How are restricted funds different from a standard health fund?
Most people are eligible to join a restricted fund of some kind, something that is not widely known. Being a former employee or having a family member who is a current employee in a particular industry may qualify you for membership, so it is worth investigating such links, as restricted funds can offer good value in the form of lower premiums and higher benefits.
There are two main types of health funds in Australia:
- Open health funds. These are standard health funds such as Medibank, ahm and nib, which offer health cover to anyone and are run for profit, for the benefit of shareholders.
- Restricted health funds. As their name suggests, these are funds where membership is restricted to certain people. They are usually operated by industry or employment groups and are not-for-profit, being run solely for the benefit of their members.
What restricted funds exist in Australia?
The current restricted funds in Australia are:
- Navy Health. Navy Health is open to employees and families of the Australian Defence Force and ADF contractors.
- Railway and Transport Health Fund. Railway and Transport Health Fund (RTHealth) is open to transport and electricity employees and their families.
- Doctors Health Fund. Doctors’ Health is open to doctors, health practitioners and their employees and families.
- ACA Health Benefits Fund. ACA is open to Seventh-day Adventist Church employees.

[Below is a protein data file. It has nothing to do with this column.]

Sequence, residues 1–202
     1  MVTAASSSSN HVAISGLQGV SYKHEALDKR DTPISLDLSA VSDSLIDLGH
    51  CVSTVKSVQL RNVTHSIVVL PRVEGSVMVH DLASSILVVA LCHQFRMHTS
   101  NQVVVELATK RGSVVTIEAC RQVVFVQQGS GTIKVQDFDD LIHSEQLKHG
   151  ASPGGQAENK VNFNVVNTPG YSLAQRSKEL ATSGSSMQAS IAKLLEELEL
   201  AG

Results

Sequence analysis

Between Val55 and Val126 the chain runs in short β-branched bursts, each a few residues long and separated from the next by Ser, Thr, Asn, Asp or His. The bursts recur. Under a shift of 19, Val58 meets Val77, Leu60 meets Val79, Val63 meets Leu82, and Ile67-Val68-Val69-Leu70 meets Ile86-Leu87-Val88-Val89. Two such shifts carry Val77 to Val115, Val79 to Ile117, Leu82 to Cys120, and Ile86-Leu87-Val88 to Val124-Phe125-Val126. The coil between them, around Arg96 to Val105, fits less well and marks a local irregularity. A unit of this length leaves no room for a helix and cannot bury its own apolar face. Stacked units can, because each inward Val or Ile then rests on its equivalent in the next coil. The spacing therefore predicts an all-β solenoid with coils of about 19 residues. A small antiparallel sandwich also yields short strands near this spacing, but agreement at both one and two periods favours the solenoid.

- Teachers Health Fund. Teachers Health is open to members of the education union and their families.
- Defence Health Limited. Defence Health is open to current and former members of the ADF and defence community and their families.
- Police Health. Police Health is open to employees of the police department and their families.
- Reserve Bank Health Society. The Reserve Bank Health Society (RBHS) is open to current and former employees of the Reserve Bank.
- CBHS Health Fund Limited. CBHS is open to current and former employees of the Commonwealth Bank Group and their families.
- TUH. TUH is open to current and former union members and their families.
What are the conditions for joining these funds?
What are the benefits?
There are several advantages to joining a restricted health fund. The main one is that, because they are run solely for the benefit of members, all profits are returned to the fund in the form of lower premiums and better policies with greater benefits.
Terms and conditions may also be more flexible with restricted fund memberships, such as in the case of Navy Health, where waiting period and pre-existing health condition rules are waived if you join within 90 days of being discharged from the ADF.
Not-for-profit funds also tend to return a higher percentage of premiums to their members compared to open health funds, so if you think you may be eligible to join such a fund, it may be well worth your while to investigate further.
Final things you might want to know
Some points to bear in mind when comparing restricted and open funds:
- Most restricted funds are open to family members, but this may be limited to immediate family (spouse and dependent children)
- Previous employment in an industry can encompass a number of years (you may still be eligible to join restricted funds, even though you have not worked in an industry for some time)
- Belonging to a restricted health fund may also give you access to other member only benefits such as industry super and life insurance
- Price should not be the only consideration when looking at restricted funds. It is also important to ensure that the level of cover being offered is adequate for your needs